For the second day in a row, the electricity was out in the Rondout section of Kingston. A slurry mix of freezing rain and sleet froze where it fell, encasing everything it touched in a clear shield of ice. Telephone poles and wires, front-porch stairs, and the city streets remain under glass.
Every tree stands, dangerous as Christmas decorations, their branches holding unaccustomed frozen weight.
First there’s a shiver of falling ice. Then the sound of heavy, crashing tree limbs punctuate the dull and constant undersong of gas generators and chainsaws operating in the Rondout neighbrhood.
Over on McEntee Street, near the Secret Vegan café, a tree four stories tall toppled over from the hill, resting its crown against the house roof across the way, and its middle across telephone and electrical wires.
What are the options?
Those depending on electricity for their heat face below-freezing temperatures expected to last through the day before plunging further after sunset to reach a nadir of minus two in the early hours of Sunday morning.
Temperatures were expected to rise above freezing on Monday, but in the interim residents of Kingston with no other choices required options to avoid the cold while Central Hudson workers struggled to repair damaged electricity infrastructure throughout Ulster County,
Just down the block from city hall at 647 Broadway, the warming station set up at The Andy Murphy Center is large enough to be an airplane hangar. A hundred cots are available for those who require them. The place is run by volunteers working with the Red Cross and the National Guard,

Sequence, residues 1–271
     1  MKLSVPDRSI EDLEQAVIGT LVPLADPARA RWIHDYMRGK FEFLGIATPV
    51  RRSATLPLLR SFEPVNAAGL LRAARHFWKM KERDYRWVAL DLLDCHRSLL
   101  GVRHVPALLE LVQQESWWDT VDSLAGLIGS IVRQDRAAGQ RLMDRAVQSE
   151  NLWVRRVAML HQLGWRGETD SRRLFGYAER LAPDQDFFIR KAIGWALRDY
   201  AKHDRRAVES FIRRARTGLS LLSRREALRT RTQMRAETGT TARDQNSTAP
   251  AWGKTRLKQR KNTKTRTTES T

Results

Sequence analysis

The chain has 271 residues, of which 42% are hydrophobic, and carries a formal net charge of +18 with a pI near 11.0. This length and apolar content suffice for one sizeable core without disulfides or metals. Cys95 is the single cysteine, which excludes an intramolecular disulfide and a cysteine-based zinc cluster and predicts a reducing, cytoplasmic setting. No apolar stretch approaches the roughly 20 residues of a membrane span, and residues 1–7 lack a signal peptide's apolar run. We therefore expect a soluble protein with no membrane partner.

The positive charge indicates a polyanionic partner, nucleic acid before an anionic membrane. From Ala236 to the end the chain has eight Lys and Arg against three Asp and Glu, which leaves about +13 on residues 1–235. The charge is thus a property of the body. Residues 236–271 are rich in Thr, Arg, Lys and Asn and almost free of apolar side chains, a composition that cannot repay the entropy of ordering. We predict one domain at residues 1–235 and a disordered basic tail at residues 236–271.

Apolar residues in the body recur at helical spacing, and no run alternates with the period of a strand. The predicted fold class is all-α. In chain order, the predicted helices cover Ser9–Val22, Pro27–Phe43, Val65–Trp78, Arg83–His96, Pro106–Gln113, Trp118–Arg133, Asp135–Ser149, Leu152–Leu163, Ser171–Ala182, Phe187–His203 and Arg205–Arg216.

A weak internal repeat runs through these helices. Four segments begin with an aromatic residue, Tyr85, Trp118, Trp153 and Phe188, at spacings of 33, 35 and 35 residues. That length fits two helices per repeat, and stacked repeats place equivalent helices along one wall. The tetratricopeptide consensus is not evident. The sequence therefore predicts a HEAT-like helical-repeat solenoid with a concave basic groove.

Wearing a baseball cap, a volunteer who could be the brother of actor Jonathan Banks [actor in Airplane! and other films] offers pizza and hot coffee to all comers. He estimates that 32 people stayed the previous night, well below capacity.
Throughout the day, he says, the number fluctuates. “A lot of in-and-out. They come in, charge their cellphones, keep warm. That’s fine.”
People with pets are often reluctant to leave them alone overnight. Beth Anderson, a volunteer with Ulster County Animal Response Team, says there’s a solution.
“We came out here with a mobile trailer,” she says. “Normally we would prefer to pull the trailer inside with weather like this, but there’s no loading-bay doors here. What we’ve done, we have a section cordoned off inside with pet carriers, so the animals can stay warm and are separated from those without pets that may be allergic. So the owners don’t have to leave their pets behind.”
The Animal Response Team consists of about 15 volunteers in all. There are vet techs with animal training. “But we could always use more volunteers,” says Anderson.
Closer to uptown, the 2nda Inglesia La Mission Church at 80 Elmendorf Street has opened its doors to those seeking warmth over the long night.
“We operate according to Code Blue,” explains Dominique Wallace-Mills, the Ulster regional supervisor for Catholic Charities. “Our services are activated at temperatures below 32. So we’ve been open now for a couple of weeks. We have a capacity of 25 beds, but in times like this we can always find a few more.”
Beneath the nave, cots are distributed in a series of sanitized rooms. Transparent plastic dividers indicate each person’s personal area — as well as inhibit the possible spread of Covid.
“Breakfast, lunch and dinner are all provided through the non-profit Family of Woodstock.” says Wallace-Mills. “We have hot coffee, yes, as well as snacks.”